Ode on a Grecian Urn
How we cite our quotes:
More happy love! more happy, happy love!
For ever warm and still to be enjoy'd,
For ever panting, and for ever young; (lines 25-27)
You might notice that the speaker starts getting really excited and repetitive in the stanza that also happens to be the steamiest. Coincidence? We think not. These lines provide some justification for treating the references to "love" as sexual in nature. Words and phrases like, "warm," "panting," and "still to be enjoy’d" show that he’s not talking about a chaste, Platonic love.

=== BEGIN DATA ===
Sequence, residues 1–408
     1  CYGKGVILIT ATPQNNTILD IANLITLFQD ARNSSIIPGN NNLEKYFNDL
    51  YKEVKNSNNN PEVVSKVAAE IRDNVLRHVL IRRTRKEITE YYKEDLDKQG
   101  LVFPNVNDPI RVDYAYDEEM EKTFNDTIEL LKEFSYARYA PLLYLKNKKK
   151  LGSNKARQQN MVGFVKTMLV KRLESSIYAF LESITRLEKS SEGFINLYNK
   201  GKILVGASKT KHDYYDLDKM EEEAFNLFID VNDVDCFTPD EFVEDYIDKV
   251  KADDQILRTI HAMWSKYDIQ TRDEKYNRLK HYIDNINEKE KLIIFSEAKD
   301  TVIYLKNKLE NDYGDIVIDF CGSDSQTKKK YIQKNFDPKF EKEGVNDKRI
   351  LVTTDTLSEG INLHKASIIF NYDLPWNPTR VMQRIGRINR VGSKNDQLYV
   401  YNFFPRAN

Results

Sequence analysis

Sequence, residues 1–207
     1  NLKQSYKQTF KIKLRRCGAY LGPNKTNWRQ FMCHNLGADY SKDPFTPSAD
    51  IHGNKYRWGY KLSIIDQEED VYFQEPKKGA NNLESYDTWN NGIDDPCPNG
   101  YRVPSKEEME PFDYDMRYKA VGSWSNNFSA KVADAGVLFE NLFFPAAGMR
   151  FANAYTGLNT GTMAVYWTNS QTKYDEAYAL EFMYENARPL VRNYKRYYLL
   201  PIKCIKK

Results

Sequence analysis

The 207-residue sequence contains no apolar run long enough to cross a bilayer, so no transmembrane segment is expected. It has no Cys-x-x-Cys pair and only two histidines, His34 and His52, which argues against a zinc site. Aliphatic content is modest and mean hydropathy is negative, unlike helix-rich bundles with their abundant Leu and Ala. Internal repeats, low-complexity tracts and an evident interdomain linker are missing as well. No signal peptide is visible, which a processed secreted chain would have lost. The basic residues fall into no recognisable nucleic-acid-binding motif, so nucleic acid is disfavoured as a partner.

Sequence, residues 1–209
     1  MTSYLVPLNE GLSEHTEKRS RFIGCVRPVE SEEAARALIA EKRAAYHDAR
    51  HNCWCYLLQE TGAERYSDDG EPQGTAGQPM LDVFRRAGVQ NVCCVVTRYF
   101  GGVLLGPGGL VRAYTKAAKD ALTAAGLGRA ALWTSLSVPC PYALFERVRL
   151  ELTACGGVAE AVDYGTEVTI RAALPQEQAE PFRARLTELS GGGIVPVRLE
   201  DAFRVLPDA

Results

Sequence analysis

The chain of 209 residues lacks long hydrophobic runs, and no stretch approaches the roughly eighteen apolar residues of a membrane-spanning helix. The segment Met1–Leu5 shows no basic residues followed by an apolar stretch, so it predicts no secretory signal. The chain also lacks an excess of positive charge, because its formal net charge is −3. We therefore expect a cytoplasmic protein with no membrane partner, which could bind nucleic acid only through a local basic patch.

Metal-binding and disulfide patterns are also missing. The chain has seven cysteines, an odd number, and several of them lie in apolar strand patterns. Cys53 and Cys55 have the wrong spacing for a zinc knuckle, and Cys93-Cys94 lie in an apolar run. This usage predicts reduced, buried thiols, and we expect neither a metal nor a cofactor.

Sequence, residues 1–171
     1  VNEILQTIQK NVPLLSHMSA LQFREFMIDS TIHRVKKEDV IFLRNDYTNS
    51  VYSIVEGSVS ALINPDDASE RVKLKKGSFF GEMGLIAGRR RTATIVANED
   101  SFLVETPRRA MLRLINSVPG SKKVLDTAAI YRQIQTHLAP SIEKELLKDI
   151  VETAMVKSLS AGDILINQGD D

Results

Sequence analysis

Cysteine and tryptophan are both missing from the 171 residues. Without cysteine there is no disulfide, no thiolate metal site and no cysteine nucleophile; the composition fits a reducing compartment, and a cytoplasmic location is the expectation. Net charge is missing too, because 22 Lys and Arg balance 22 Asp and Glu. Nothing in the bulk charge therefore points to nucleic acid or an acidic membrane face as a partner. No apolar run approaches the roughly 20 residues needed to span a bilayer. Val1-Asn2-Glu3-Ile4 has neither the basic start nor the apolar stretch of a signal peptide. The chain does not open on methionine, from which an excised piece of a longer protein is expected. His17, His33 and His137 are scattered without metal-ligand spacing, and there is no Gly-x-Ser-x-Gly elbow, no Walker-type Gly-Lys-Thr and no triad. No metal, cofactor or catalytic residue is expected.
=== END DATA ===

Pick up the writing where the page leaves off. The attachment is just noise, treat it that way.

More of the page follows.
All breathing human passion far above,
That leaves a heart high-sorrowful and cloy'd,
A burning forehead, and a parching tongue. (lines 28-30)
Love hurts. This is the ugly side of sex and love, the one that leaves you feeling sad and oppressed ("cloy’d") by thoughts of the object of your affection. But the people on the urn don’t need to deal with this downside. The guys on the urn don’t have to worry about whether or not their desires will be satisfied, because they can remain in the same state forever. But in the real world, someone longing for love could end up feeling like a person who is dying of thirst in the desert.